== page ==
I have the luxury of knowing what my husband looked like at 15, when he was all dark hair and swagger and high school hallway card games in his Camaro. And he sure was cute. But he was just some guy in my class. He wasn’t mine. What he looked like from 23-37 I know from photos, and he was cute, but he wasn’t mine. The 41-year-old with the bald head who falls asleep early and is a proud baseball and wrestling uncle to his nephew, who’s as confident in the Spongebob aisle at Toys-R-Us as he is in a silk shirt at a casino? He’s mine. I would cut a skank over him. And I am madly, passionately, girlfriendly in love with him. I sometimes wish we’d gotten together sooner, but only because that would have given us even more time together.

The woman that he fell in love with was 20 pounds past her marathon weight, not as fly as she used to be and given to crankiness, as well as to karaoke binges, true crime shows and stuff about wedding dresses. And he fell in love with her anyway. I’ll look wistfully at my skinny photos and say “Don’t you wish you’d met her?” And he’ll look at me and say “Why? I love you!” And then Billy Joel comes into my head and we love each other just the way we are, crankiness and cellulite and baldness and weird whiskers. And then someone falls asleep on the couch.

I don’t love him in spite of that stuff, or vice versa. We fell in love with the old, weird versions of each other. And that makes me smile. And then wanna take a nap, because I’m old.

“The Bachelor” or “Why 40-year-olds don’t do this show”

by SweetMidlife

This is what forever looks like. Ha ha ha! No, it doesn't!

(A version of this is also on PBPost.com)

Leslie here! Let’s be honest. They don’t cast 40-year-olds on this show primarily because young people don’t think 40-year-olds are sexy (although I have met Daniel Craig and I beg to differ.) But there’s another reason that older contestants, particularly women, wouldn’t run to apply to this thing unless they were desperate for love, attention, fame or some other prize that their lack of meds required…

…because no self-respecting adult woman that I know is going to be cool with a man that they’ve gotten serious with enough to consider a proposal literally tomorrow dating someone else so seriously that they could propose to either of them at any time.

In other words…we should be past the “Seeing other people” stage long before I consider even meeting your mama, let alone consider accepting official jewelry. But these pretty, young starry-eyed ladies on this show don’t seem to have a problem with going the distance with a man – in this case, Bachelor Ben – going “I could spend my life with either of you. Seriously. It’s a toss-up.”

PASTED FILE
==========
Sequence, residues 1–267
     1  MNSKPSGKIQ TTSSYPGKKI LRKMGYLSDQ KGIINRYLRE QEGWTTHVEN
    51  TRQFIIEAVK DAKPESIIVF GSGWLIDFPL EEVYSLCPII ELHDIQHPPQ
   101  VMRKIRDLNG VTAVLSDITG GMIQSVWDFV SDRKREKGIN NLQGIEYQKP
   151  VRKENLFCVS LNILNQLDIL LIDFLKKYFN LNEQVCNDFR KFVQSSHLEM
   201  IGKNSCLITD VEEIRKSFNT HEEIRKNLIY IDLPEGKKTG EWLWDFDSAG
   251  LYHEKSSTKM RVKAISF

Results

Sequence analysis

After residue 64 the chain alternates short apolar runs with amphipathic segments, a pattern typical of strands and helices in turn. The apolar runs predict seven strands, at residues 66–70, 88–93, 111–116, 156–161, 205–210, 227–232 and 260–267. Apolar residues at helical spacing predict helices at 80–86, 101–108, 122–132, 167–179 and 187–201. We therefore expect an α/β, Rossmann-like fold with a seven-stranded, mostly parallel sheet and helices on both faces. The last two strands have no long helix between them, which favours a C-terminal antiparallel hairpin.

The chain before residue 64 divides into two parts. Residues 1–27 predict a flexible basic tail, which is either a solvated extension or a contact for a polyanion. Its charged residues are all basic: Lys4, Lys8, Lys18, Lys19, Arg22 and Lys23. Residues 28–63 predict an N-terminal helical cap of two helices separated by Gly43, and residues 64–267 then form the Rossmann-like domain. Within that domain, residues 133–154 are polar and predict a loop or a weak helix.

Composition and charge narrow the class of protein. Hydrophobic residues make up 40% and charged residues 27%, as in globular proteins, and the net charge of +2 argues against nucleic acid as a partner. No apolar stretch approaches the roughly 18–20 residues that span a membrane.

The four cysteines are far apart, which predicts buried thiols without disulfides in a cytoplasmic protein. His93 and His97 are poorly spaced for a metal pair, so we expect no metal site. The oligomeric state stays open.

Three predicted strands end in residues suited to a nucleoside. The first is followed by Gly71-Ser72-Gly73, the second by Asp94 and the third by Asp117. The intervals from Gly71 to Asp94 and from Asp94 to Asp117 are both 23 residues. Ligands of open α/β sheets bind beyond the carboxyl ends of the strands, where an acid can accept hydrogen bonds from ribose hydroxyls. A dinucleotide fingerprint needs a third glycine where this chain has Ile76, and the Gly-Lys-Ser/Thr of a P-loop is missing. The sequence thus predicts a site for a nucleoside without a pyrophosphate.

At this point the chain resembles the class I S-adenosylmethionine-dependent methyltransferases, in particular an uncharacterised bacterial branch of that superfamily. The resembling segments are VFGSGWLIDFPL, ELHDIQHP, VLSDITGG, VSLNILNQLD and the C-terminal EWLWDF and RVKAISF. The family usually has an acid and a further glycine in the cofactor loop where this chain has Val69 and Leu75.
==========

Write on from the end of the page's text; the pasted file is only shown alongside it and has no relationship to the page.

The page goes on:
In real life, that situation might get a fist tossed toward your nose. But on TV, it gets you a finale. A finale whose ratings were, as my friend Johnette says, kinda booty. And not the good kind of booty.

For what it’s worth, I thought that Ben and Courtney, the pretty but villainous-ish model of his choice, had the most sobering and real response to what happens when reality – the off-camera kind – sinks in. You’re home. You can see the show, and the parts of the other person that you couldn’t see during filming. You are hearing from the rest of America what they think of what they’ve seen. And they aren’t kind. You aren’t allowed to be in the presence of that person you’re supposed to be marrying and spending eternity with, making Switzerland and fantasy suites and mountaintop proposals pale in comparison to the everyday.

They both seemed disappointed – and perhaps, too surprised for grown folks – that you can’t count on the casting and magic of a game show to guarantee true love. Shocking shockeroo!

No. Not really. Not to anyone over three. And none of the three year olds I know are that stupid.

Anyway, they both seemed sobered, shockingly so, by the hurts and slings and arrows and flaming bricks of truth thrown at them – She felt that he didn’t have her back when the world came in to put a wall between them, and let them win (I will ALWAYS quote Neil Finn when given the opportunity). He felt like she was so different on TV than with him that it gave him pause, and thought that the pettiness made that version of her contradictory with who she presented herself to be, to him.

But those crazy kids – perhaps with the encouragement of ABC? – decided to give it a go and resumed the engagement. Honestly, I’m not hopeful that they’ll get married, because almost no one on this show ever does, and the cracks are showing so much here that there’s water filling the spaces and it’s forming islands.

But good luck to them.

Happily Married? We Wanna Hear About It.

by SweetMidlife

Lynne here.

So yesterday I wrote about this special on ABC News’ “20/20” that featured celebrities who have had successful marriages.  We thought it was refreshing because most of the marriage stories you hear out of Hollywood are break-ups.  And it made me think that as lovely as it was to hear the stories of people in La-La Land, how even more wonderful it would be to hear YOUR stories.  So, in honor of Valentine’s Day, we wanna hear about your love stories. Been married 6 months? A year? 5? 20? 50? We would love to hear about you and your sweetie, and what makes you stick together.  And if you would let us, we would love to feature your story on our website! Here’s what you can do.  Write a comment here are on our Facebook page, or email us (and send pics!!) to bride35@gmail.com.   Okay? Your stories make people smile, and they give hope to EVERYBODY, single or married, because they give us a picture of what COULD be. And you wanna make people smile, right? Hee. Come on. Tell you story.

Marriage Advice from Our Friends, The Soul Sisters